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What Leaders are Learning

Leaders are Great

Leaders are Great

Leadership Spokane is committed to the truism that leaders always learn. This week, I will pause with the tragedies that happened across our nation last week to simply reflect on great leadership vignettes in our past. The White House ordered the flags be lowered to half-staff last Friday, the 67th time in the past four years, showing the challenges our nation has endured recently. As we mourn the loss of life, I will pause and simply reflect on great leaders who have risen up to move our nation forward. In times of great challenge, great leadership is needed.

President Lincoln is generally considered one of our greatest Presidents, and his time of trials lincolnwas not without significant difficulty. Believing in freedom to the core, President Lincoln nonetheless suspended the writ of habeas corpus believing that security around the Washington, D.C., area outweighed personal liberties. Through the prism of history, Lincoln’s decisions have stood the test of time but in the moment, many were unpopular yet Lincoln persevered on what he believed to be the best course for our nation. Even before the war ended, Lincoln began talking reconciliation with his Generals crafting a strategy to bring the Confederacy back into the union. His vision was well beyond those around him and sadly, his ideas of benevolence and reconciliation would die with him, plaguing our South through decades and decades of continued racial strife, with the echoes still heard today. Lincoln was a great leader and he stepped up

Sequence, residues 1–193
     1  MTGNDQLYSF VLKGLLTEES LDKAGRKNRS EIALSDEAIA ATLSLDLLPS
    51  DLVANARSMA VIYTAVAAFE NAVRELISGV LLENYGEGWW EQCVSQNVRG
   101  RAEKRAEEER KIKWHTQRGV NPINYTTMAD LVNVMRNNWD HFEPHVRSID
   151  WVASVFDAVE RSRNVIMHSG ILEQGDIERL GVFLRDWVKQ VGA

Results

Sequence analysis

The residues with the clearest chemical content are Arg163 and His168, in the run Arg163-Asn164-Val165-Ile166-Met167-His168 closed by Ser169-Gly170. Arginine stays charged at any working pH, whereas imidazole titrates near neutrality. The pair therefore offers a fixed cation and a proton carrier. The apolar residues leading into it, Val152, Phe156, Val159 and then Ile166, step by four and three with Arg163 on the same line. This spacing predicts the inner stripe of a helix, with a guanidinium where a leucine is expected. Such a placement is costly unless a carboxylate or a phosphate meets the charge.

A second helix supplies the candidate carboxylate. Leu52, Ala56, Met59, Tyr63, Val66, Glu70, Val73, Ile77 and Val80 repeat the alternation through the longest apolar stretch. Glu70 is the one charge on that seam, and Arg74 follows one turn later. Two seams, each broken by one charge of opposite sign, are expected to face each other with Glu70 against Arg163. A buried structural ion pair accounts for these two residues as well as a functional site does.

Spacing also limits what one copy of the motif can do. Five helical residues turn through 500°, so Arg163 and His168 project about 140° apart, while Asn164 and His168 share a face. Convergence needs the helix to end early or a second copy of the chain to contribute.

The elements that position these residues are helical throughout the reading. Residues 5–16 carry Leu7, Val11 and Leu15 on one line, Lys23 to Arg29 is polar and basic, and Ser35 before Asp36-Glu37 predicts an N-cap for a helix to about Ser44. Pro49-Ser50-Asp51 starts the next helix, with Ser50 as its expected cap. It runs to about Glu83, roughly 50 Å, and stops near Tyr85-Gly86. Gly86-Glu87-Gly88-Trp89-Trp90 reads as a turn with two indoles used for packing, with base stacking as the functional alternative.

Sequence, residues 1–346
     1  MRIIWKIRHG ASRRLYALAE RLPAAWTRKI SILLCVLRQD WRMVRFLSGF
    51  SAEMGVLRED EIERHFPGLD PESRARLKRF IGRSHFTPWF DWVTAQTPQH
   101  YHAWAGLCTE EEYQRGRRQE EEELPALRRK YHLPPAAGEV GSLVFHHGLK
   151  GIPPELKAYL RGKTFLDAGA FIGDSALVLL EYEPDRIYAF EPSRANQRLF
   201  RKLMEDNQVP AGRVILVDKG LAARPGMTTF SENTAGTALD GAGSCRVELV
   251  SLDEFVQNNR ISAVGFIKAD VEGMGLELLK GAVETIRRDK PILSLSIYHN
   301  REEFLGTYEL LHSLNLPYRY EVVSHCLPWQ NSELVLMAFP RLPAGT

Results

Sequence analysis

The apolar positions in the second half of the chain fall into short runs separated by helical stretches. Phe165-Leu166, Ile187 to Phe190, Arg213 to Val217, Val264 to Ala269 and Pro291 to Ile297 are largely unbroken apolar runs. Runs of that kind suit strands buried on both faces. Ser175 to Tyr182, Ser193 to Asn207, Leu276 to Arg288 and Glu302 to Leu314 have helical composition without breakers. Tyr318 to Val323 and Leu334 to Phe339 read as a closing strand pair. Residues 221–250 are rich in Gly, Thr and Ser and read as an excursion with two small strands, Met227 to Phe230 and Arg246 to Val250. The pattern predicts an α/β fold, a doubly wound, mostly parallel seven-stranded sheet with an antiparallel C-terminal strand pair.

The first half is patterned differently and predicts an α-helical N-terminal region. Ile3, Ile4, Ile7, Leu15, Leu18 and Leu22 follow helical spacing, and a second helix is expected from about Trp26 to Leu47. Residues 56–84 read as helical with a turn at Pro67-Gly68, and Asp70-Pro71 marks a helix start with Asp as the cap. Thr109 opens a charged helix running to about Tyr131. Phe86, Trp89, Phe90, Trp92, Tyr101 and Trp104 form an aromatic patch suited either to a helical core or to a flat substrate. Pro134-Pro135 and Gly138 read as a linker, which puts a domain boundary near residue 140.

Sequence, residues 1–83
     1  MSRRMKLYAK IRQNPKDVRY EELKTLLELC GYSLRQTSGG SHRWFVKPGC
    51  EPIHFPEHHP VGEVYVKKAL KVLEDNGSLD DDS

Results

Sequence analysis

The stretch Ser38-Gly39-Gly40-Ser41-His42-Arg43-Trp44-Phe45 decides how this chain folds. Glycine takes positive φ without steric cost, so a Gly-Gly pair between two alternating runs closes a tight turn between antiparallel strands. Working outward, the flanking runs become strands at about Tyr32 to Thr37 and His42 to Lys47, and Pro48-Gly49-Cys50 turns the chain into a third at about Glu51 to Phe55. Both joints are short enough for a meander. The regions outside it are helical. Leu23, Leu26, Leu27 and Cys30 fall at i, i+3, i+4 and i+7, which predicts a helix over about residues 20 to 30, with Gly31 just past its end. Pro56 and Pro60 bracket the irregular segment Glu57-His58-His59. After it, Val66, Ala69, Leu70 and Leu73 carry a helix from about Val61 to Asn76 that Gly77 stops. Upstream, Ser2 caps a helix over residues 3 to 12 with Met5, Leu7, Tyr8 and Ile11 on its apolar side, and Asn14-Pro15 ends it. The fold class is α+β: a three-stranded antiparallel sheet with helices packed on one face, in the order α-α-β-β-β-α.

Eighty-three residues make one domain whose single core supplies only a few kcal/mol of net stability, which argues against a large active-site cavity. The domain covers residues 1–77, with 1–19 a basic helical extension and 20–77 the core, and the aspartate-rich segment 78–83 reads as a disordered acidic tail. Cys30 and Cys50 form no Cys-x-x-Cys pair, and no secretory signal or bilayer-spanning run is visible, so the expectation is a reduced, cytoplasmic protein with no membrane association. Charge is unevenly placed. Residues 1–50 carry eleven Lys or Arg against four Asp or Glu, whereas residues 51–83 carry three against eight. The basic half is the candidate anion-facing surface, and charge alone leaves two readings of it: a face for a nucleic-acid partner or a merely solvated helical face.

when the mantle of history and our nation called for it.

Dr. Martin Luther King is another leader who espoused greatness when his nation needed it. His historic leadership during the tumultuous civil rights movement in the 1960s was not always applauded. He compromised when needed within his own movement and compromised with the federal government, making him unpopular, often with major factions in and out of his movement. His strident tones followed by conciliatory actions weaved a middle course that culminated with the historic August 1963 march on Washington which changed the civil rights national conversation to a two-way conversation. Sadly, like Lincoln, Dr. King’s life and potential future successes were ended by an assassin’s bullet, but his dream remains alive today.

Today, this blog celebrates all the great leaders who have stepped up when history calls for them to do so. Lincoln was a uniter, it was part of his DNA despite the animosity that raged around him. Following the war, he was heard to quip that “Dixie” was his favorite song. When needed, he always searched for the common ground. As our nation mourns and seeks reconciliation in the coming, days, months and years, may great leaders rise to the occasion to lead the nation forward. We celebrate all leaders who help with both civility and unity. Leaders can be great…

Don’t find fault, find a remedy. ~ Henry Ford